“You’re going to continue to need electricity, and renewables will be insufficient. You’re either going to have to continue using natural gas or move to nuclear power,” said Peter Mr Schwartz, futurist and business strategist.
He was speaking at the session on energy, the environment and the resilience of cities at the Singapore at 50: What Lies Ahead conference on 4 June in Singapore.
“In the end, if we’re really serious about climate change, then we’re facing one alternative,” he said. “And that one alternative that we actually have is nuclear power.”
Mr Schwartz said Singapore could consider one of three options:
- Build the plants on offshore barges
- Build an underground plant
- Build one in collaboration with a neighbouring country in a nearby island
The issue of Singapore’s future energy sources has been raised from time to time as the country surges ahead with an increase in population and development. The issue of nuclear power, especially, has come into the fore in recent years.
However, the Government has not given the go-ahead for nuclear power, as it sees the decision to have one still some years away.
Nonetheless, it is worth noting that the Government’s position has changed somewhat in the last 10 years or so.
In 2007, Prime Minister Lee Hsien Loong unequivocally said that nuclear power was out of the question for Singapore.
But in a Wikileaks document which was leaked out in 2008, Lawrence Wong, the then Deputy CEO of the Energy Market Authority, indicated to the US Embassy that the Singapore government does not rule out nuclear power.
Mr Wong is now a Cabinet minister in the Government, holding the portfolio of Culture, Community and Youth (MCCY).
A report published on New Asia Republic (NAR) in 2011 said:
“According to WikiLeaks, as early as November 2008, the then Deputy CEO of the Energy Market Authority Lawrence Wong had indicated to the US Embassy that the Singapore government does not rule out nuclear power.”
“Wong told the US Embassy that the Singapore government would like to take steps to reduce its dependency on piped natural gas (PNG) which originates from neighbouring countries.”
See here: “WikiLeaks: Singapore’s Nuclear Energy Ambition”.
Two years after Mr Wong made those comments reported by Wikileaks, the Straits Times reported that the “Government was preparing for nuclear power option”.
This was confirmed in 2012 when the International Advisory Panel to the Ministry of Trade and Industry advised the Government “to keep all options open.”
And last year, 2014, the Government announced a special panel and a $63 million fund “to build core of 100 nuclear experts in Singapore.”
Professor Low Teck Seng, the chief executive officer of the National Research Foundation was reported to have said, “Many of our neighbours are looking at nuclear technology and it is important, as the Prime Minister says, for us to be aware, be knowledgeable and, as such, be able to assess the technology and its impact on Singapore — be it in terms of the potential it has for us, in terms of the risk we face, as well as the ability to harness its potential in every aspect.”
Mr Schwartz’s proposal or advice, therefore, comes as no surprise. Singapore has been making plans towards a final decision on nuclear power as an energy option.
But there are serious concerns about nuclear plants being sited in Singapore.
Back in 2007, Professor Simon Tay, an environmentalist who was also chairman of the Singapore Institute of International Affairs then, was cautious about the idea.
He said, for example, housing the massive nuclear reactors would be hardly prudent land use.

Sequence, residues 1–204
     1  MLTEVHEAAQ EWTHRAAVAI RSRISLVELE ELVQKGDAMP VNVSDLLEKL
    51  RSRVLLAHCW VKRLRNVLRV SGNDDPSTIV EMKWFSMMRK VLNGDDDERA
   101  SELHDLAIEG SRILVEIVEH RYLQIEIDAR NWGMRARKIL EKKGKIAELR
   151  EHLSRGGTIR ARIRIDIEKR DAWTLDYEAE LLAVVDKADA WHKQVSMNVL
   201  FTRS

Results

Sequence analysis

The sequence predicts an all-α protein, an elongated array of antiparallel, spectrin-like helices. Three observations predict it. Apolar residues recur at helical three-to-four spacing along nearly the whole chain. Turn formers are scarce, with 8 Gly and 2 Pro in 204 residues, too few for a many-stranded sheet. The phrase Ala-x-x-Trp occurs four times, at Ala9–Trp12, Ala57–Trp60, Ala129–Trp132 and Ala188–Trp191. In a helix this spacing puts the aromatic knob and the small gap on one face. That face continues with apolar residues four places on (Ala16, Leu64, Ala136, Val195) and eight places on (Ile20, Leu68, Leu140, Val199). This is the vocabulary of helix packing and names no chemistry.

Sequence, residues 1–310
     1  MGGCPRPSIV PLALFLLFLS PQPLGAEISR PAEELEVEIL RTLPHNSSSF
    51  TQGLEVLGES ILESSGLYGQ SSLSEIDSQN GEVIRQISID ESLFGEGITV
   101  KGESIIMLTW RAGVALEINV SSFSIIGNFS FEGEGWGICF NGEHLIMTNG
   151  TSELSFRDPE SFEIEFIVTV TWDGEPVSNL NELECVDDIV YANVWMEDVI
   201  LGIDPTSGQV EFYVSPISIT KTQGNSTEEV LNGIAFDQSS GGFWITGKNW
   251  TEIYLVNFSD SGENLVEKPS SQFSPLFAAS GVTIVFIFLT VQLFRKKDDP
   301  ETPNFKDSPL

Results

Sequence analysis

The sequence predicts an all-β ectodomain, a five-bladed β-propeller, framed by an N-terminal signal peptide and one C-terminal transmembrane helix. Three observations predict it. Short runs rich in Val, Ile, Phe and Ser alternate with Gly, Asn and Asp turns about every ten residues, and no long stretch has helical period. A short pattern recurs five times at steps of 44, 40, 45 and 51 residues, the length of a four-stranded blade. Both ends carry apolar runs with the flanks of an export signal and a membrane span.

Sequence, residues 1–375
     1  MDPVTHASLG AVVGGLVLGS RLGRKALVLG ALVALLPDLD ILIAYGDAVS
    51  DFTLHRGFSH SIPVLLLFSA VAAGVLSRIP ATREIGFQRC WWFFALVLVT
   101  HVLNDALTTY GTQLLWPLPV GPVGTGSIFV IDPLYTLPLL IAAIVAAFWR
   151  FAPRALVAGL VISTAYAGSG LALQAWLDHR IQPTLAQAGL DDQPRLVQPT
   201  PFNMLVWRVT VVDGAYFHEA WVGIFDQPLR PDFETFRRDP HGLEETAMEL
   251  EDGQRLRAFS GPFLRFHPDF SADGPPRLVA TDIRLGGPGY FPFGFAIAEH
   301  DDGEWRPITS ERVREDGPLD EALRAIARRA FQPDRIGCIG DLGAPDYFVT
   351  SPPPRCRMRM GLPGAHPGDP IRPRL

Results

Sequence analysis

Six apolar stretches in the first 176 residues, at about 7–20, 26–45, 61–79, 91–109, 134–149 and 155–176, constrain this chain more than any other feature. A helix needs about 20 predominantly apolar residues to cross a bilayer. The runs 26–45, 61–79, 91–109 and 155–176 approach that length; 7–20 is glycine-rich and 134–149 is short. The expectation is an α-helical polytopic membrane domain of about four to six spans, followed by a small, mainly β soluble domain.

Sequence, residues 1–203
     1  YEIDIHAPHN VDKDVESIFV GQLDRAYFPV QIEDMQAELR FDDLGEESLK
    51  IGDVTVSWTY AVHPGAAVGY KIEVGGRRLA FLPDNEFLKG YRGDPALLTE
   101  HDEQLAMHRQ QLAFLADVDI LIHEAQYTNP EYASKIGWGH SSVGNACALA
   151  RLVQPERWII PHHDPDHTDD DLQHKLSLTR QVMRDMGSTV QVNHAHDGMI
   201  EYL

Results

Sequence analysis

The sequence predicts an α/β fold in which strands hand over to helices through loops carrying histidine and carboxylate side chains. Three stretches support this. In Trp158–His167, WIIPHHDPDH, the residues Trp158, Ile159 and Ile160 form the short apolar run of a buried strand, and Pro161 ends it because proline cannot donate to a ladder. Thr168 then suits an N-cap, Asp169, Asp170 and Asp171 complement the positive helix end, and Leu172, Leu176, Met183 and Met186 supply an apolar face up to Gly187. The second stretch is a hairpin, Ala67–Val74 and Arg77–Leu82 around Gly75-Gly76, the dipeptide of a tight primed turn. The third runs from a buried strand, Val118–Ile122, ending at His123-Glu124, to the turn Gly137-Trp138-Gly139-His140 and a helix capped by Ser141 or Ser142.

“Nuclear waste disposal is the primary problem for Singapore,” he said. “The land area for nuclear energy, including the international guideline on the security perimeter would be another major concern,” he added.
That security perimeter is 30km, which Singapore does not have. This was also acknowledged by Mr Wong in the Wikileaks document.
However, Mr Wong reportedly said that nuclear power is a long-term prospect, perhaps 20 or 30 years down the road.
“The government intends to create the conditions such that the government can respond in an informed manner when the time comes that the private sector determines if it makes economic sense to build a nuclear nuclear power plant in Singapore,” NAR reported then.
“The government believes that technology will one day overcome these 2 short-comings,” NAR said. One of these advances in technology will allow for mini-reactors that need only small buffer areas.
But if (or when) Singapore moves into nuclear power, it won’t be just for its own sake.
There will also be commercial benefits, as the Government sees it.
“The EDB would to like promote investment by foreign firms that offer nuclear-related products or services to develop its own domestic capabilities in this area,” NAR said. “The intent is to develop Singapore as a base for nuclear technology related products or services in Asia.”
With Singapore’s Population White Paper in 2013 projecting a population of 6.9 million, with some experts encouraging Singapore to go for a higher number of 7 million to 10 million people, coupled with the intense development of the island in the next decades, it is almost inevitable that Singapore’s energy sources will increasingly be centered on nuclear power.
For the average Singaporean this is something which requires very serious consideration, and a political safeguard in Parliament is one of the essential oversight mechanisms they should have if and when the Government is to take the decision in going nuclear.
Without such oversight, and given the recent years’ failures of infrastructure and population management by the Government, going nuclear would be suicidal for the country.
For while scientists and “futurists” may recommend it, at the end of the day, it is Singaporeans who will have to live with the shadow of nuclear power everyday, with its ever-present threats and risks.